In this sequel to Post-Human, humanity will be forced to face a future more advanced than it could have imagined if it wants to survive. Nineteen months have passed since the A.I. turned against humanity and was subsequently destroyed. In the meantime, James Keats has turned over the A.I.'s powers to a non-intelligent, easily controlled operating system.
He and Thel have left the planet and spent six months vacationing on Venus, which has been newly terraformed without the consent or knowledge of the Governing Council. The A.I. has been deleted, but the message it sent out into the abyss of space in search of a companion has been answered. An alien force dwarfing the Earth is on its way to find out why the A.I. has stopped communicating. Keats and company can only assume its intentions will be hostile when it finds out the truth. Only one thing is for sure: Nothing will ever be the same again. Welcome to the Trans-Human era. Welcome to the singularity.
©2011 David Simpson (P)2013 Podium Publishing
"A wonderful follow-up to Post Human that is just as enjoyable." (Matt J. Drumm, Amazon.com user)
"Better than the first one!" (Paul Hurley, Amazon.com user)
"A remarkable second book!" (Brian, Amazon.com user)
I would recommend this audiobook to anyone. The story line is easy to grasp and Ray Chase keeps the narration exciting. The Post-Human series takes a look at what man and machine can become.
Other than the human/machine connection and evolution of man, I particularly liked the fact that I wasn't left hanging as situations played out.
Old-Timer... his personality and verbal dueling with James is so down to earth (pun intended).
Yes... and I did. I put on my ear buds and kept it with me throughout the day as I worked.
Even though I've read the Kindle edition of the books, I decided to purchase the audio version of the "Post-Human" series. I rarely listen to audiobooks. I'm ADD and it's very easy for me to get distracted from the narration. I didn't have that problem with Ray Chase's narration. His voice was soothing and didn't grate; he was very easy to follow.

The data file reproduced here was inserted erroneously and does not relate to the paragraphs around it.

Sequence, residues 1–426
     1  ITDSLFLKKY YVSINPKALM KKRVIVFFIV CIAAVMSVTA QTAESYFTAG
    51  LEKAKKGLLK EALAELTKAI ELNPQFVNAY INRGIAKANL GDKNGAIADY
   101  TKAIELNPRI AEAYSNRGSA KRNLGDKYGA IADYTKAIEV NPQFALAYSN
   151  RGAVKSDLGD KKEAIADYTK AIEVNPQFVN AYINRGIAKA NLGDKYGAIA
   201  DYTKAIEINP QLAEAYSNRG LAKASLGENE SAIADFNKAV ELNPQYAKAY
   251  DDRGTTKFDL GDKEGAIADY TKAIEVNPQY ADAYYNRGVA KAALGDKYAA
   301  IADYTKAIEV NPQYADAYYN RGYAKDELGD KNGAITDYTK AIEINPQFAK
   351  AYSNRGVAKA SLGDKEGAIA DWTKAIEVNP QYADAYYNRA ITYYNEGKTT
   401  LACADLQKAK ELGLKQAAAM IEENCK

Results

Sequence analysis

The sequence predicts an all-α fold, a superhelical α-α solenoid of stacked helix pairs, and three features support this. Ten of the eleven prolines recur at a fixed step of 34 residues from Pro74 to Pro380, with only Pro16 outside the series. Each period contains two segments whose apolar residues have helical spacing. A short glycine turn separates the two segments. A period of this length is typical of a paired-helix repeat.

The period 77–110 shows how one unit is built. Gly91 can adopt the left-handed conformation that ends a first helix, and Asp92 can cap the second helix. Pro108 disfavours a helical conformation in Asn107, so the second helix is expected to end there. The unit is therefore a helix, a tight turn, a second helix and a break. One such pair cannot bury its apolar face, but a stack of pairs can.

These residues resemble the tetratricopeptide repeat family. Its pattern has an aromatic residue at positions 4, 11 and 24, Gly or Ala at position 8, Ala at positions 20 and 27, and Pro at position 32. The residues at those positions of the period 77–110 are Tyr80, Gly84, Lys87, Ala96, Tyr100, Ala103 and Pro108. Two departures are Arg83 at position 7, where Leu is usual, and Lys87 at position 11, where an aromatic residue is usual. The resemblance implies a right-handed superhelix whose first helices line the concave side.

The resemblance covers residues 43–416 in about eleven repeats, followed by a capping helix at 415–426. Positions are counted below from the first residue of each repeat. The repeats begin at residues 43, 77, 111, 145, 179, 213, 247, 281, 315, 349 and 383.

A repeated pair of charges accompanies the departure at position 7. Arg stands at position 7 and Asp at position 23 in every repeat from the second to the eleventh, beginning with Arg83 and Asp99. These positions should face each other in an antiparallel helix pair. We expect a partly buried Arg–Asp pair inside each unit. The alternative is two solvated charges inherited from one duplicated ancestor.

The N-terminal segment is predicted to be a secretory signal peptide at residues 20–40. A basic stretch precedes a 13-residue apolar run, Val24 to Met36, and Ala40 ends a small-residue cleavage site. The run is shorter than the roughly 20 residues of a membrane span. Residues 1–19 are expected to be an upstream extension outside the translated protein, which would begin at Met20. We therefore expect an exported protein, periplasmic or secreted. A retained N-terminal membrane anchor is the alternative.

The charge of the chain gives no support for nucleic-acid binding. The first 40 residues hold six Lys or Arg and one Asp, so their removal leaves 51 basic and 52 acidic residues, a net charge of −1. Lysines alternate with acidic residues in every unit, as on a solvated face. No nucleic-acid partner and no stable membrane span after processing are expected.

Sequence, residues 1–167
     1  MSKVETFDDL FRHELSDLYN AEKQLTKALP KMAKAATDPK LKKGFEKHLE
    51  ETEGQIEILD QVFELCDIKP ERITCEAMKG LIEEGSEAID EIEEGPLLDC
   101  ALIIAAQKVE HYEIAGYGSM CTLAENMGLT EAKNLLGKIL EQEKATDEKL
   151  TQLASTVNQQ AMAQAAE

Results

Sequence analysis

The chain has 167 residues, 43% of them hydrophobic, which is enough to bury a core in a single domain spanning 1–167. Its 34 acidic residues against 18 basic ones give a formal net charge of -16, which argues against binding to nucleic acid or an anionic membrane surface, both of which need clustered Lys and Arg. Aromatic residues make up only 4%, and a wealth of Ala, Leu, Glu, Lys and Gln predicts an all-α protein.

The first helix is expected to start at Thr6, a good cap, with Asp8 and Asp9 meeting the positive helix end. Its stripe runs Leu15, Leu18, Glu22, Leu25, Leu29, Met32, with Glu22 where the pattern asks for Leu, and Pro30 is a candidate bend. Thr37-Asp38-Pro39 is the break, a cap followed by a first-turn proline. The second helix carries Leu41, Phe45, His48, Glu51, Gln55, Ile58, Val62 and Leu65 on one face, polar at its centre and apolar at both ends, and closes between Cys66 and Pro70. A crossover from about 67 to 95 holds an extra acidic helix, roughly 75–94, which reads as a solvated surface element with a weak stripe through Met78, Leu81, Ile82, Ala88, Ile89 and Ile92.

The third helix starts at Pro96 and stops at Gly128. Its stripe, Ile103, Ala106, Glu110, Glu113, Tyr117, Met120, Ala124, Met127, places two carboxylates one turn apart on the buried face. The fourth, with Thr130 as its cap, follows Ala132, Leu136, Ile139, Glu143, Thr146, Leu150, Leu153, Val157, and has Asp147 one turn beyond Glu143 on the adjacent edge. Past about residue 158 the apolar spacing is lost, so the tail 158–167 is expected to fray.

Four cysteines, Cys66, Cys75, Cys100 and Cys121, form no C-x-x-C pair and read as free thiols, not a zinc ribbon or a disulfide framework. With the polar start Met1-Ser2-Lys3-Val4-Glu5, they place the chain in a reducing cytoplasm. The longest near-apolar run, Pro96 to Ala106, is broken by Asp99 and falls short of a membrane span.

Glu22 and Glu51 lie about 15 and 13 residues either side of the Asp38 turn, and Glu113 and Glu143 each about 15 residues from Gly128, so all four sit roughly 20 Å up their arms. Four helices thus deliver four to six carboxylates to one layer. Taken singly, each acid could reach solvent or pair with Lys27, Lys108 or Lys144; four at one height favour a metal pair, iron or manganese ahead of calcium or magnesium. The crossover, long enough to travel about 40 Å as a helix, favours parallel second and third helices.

This will be brief, as I'm under the gun to complete a project for work this weekend. Actually, there's one other Audible review I completed yesterday, for Erikson's latest, but Audible has yet to post it. Anyway, I digress. Here goes...
This third in the series continues forward, and if you thought the the stakes couldn't get higher, the foes nastier, the price to be paid far greater, think again. It opens with a brief moment or two of calm reflection, and then the listener off on adventure far greater than expected, and it's non-stop. I know I didn't expect the storyline that Simpson threw my way.
It's good. It's solid. I regret that my time here in this review is so short. It deserves much more, and you deserve better. Please see the other worthy reviewers of this enjoyable listen. As a whole, they seem to agree with me, and I with them.
It's a good listen.
If you're this far in the series, you won't be disappointed. If you're considering starting the series, this is a solid vote that you should begin NOW.
Never trust an Artificial Intelligence! NEVER!
With regrets for this written in such haste,
The Author really takes advanced philosophy and presents it in a way that is very enjoyable to read and which really does expand ones' mind to consider things that one would never normally consider. Amazingly well done piece of science fiction in the whole series. The Narration by Ray Chase appears to be consistent, but very weak in inflection and style. Downward intonations at the ends of woodenly performed sentences and quotations remind me of those incredibly boring and uninspired, long winded sermons my parents made me sit through in Catholic Church so many years ago. The narration is really actually irritating for this reason, but made bearable as a result of the fantastic mind expanding storyline.
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